Lindsay Dentlinger views Covid-19 as a black person’s disease - Jessie Duarte
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Johannesburg - The eNCA reporter accused of being a racist has apologised for the mask incident, however, that did not stop ANC members across the country picketed against racism outside her employer’s offices.
Lindsay Dentlinger has been at the centre of outrage across the nation following an incident during the coverage of Finance Minister Tito Mboweni’s 2021 Budget speech.
The reporter was accused of being a racist for her alleged inconsistent behaviour when applying Covid-19 protocols to interviewees during a live broadcast and other incidents of alleged racism.
Following the incident, IFP MP Mkhuleko Hlengwa said that he accepted Dentlinger’s apology and that the two of them would meet. However, he said he would not be giving eNCA or e.tv interviews until he held a meeting with their management.
The United Democratic Movement has approached the SA Human Rights Commission (SAHRC) for relief on behalf of its deputy president, Nqabayomzi Kwankwa, in relation to his treatment at the hands of eNCA, Dentlinger and its production team.
ANC members across the country picketed outside eNCA offices, SAHRC offices and at centres against “the scourge of racism”.
At the eNCA head office in Hyde Park, ANC deputy secretary general Jessie Duarte and ANC national executive committee member Nomvula Mokonyane led a picket, where Duarte said the ANC was “extremely disappointed” by the broadcaster’s response to the incident.
The eNCA management defended Dentlinger in a statement last week, saying she was a seasoned journalist with over 21 years of experience.
“eNCA management, after meeting with Dentlinger to discuss the matter, concluded that her conduct was not racially motivated or with malicious intent,” the statement said.
Duarte said the broadcaster’s response showed that journalists within the organisation viewed coronavirus as a “black person’s disease”.
She added that the ANC supporters were not at the head office to fight the broadcaster but to urge eNCA to transform its views on racism. She called on eNCA management to withdraw its “offensive” statement.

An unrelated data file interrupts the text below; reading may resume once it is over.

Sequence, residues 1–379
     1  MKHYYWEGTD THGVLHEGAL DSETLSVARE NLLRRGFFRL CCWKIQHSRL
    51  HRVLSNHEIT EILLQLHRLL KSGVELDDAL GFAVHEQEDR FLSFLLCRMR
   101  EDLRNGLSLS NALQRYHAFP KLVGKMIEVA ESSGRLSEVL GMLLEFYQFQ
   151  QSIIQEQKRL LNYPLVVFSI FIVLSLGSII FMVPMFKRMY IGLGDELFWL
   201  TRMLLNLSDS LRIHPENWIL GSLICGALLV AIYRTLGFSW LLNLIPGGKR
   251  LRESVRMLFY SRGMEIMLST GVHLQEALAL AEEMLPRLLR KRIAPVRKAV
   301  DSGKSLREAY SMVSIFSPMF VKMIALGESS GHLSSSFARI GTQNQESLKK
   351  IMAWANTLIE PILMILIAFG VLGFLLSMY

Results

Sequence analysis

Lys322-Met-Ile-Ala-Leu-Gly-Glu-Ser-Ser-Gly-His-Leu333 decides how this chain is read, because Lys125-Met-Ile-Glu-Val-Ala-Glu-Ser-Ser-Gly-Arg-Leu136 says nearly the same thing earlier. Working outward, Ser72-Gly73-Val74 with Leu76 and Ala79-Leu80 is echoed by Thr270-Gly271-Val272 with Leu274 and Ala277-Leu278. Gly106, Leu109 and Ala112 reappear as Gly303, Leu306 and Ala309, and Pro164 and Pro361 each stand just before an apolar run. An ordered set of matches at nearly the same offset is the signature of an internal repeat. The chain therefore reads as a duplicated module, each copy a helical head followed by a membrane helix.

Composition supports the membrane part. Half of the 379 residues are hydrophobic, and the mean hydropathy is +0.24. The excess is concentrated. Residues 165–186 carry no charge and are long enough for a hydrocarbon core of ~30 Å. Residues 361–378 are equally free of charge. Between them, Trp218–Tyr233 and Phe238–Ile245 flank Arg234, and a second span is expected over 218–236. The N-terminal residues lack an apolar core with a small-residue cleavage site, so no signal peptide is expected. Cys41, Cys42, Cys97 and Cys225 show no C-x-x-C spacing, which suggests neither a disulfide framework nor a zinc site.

“eNCA is to send an unconditional apology to all South Africans for the pain and hurt that Dentlinger and eNCA have caused. eNCA must send its journalists and management for human rights training to learn the values of equality and non-racialism,” she said.
She also called on the media company to publicly acknowledge its history of allegedly mistreating its black journalists. “The leadership and journalists of eNCA are to engage in a process of thorough soul-searching, and to confront their own racism and racial prejudice,” Duarte said.
eNCA managing director Norman Munzhelele accepted the picketers’ memorandum of demands and said that eNCA committed itself to contribute to building a non-racial, non-sexist, united and democratic South Africa.
“We will do everything possible within our powers to ensure that we transform and to ensure that our journalists and management are aware of racial issues in the country,” he said.
Meanwhile, on Monday evening Dentlinger apologised for the incident during an interview on the channel’s Power to Truth with JJ Tabane.
“I felt awful from how this is perceived and what the country believes to be a true reflection of who I am as a journalist. I do acknowledge how it is portrayed. I am being portrayed as not speaking to any black unless he is wearing a mask,” Dentlinger said.
She further defended herself and said that she was not acting in a racist manner during the incident.
“My error is that I crumbled in the moment and did not remember to tell everyone to wear a mask,” she said.